Don’t try this at work
Yesterday I got to witness a poorly handled customer complaint … again. Here’s what happened. A customer had ordered some products and was promised to be contacted “tomorrow”. Well, “tomorrow” was four weeks ago so the customer was understandably annoyed. The sales person who had made the deal with her immediately started talking. But not to the customer. Instead the sales person asked the store manager about the order who then ran away to look for it. The customer waited in silence while the sales person did something on the computer. After a while the store manager came back and asked more about the order from the sales person. They quickly found out that no order was made to the supplier. At this point the store manager said “There’s no order so there’s no product.” The customer looked dumbfounded. Firstly: that was the very first thing that was said to the customer. Not even a “Hello” before that. Secondly: still no eye contact was made. None. I was watching this “interaction” in disbelief. After the customer asked again what could be done the sales person finally started to talk with her. She didn’t even receive a discount for the order she then made.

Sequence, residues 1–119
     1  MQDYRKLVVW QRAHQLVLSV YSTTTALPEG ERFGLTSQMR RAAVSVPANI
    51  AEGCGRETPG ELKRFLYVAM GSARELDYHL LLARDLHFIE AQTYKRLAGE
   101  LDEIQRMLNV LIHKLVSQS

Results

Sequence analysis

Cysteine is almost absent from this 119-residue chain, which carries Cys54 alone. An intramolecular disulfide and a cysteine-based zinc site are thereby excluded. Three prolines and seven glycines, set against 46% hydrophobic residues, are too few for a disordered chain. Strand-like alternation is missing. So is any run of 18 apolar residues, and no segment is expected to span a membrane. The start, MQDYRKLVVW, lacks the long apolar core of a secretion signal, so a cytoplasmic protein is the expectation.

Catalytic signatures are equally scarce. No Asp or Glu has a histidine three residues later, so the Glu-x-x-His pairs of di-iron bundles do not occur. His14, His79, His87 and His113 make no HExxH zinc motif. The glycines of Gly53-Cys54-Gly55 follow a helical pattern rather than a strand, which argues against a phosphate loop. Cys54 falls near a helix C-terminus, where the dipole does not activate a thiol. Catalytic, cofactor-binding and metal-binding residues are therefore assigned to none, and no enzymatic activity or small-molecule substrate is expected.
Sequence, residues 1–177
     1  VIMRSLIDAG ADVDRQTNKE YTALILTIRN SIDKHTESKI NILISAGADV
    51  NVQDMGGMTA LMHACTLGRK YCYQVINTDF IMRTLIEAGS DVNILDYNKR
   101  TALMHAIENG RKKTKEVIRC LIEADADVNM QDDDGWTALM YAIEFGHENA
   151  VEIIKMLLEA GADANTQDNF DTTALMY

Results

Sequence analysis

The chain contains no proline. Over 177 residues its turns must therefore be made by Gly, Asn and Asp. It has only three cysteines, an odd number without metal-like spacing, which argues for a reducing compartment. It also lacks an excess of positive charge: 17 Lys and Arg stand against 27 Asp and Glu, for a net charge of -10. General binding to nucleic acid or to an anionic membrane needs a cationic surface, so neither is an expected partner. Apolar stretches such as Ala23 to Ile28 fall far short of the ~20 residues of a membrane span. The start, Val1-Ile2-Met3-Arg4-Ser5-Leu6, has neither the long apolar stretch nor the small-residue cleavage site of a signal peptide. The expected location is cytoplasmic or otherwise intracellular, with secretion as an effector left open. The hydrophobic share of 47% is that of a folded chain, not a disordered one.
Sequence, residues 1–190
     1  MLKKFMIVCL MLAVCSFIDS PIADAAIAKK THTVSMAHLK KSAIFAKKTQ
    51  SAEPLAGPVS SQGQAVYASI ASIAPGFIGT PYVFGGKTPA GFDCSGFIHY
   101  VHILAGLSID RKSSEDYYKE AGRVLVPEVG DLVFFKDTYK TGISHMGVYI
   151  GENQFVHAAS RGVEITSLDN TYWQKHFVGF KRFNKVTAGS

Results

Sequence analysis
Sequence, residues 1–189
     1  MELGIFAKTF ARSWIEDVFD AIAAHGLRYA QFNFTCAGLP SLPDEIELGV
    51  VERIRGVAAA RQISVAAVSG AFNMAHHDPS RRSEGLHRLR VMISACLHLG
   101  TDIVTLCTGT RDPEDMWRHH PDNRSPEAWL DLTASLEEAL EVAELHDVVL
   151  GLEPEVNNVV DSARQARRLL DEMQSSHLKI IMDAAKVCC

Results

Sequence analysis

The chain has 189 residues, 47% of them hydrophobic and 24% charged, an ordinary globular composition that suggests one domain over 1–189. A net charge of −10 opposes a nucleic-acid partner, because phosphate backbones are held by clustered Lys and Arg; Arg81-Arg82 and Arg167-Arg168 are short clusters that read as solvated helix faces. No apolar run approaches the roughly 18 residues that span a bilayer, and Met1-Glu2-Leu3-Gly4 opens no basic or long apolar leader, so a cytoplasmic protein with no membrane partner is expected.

What needs to be accomplished
When a customer complains there are a few things you should accomplish.
1. The customer needs to feel that you care. Start with communicating that you care about their problem. Once they know you care they’ll be calmer; they know they’ll be listened to even if they don’t scream.
- Greet them politely. Your greeting will dictate the tone of the conversation.
- Find eye contact. It’s harder to be angry at someone who looks you in your eyes than to someone who avoids you.
- Ask how you can help them. They will need to trust you. Let them know that you’re there to help them. Even if the customer makes unreasonable demands they should believe you’re trying to help them achieve their desires.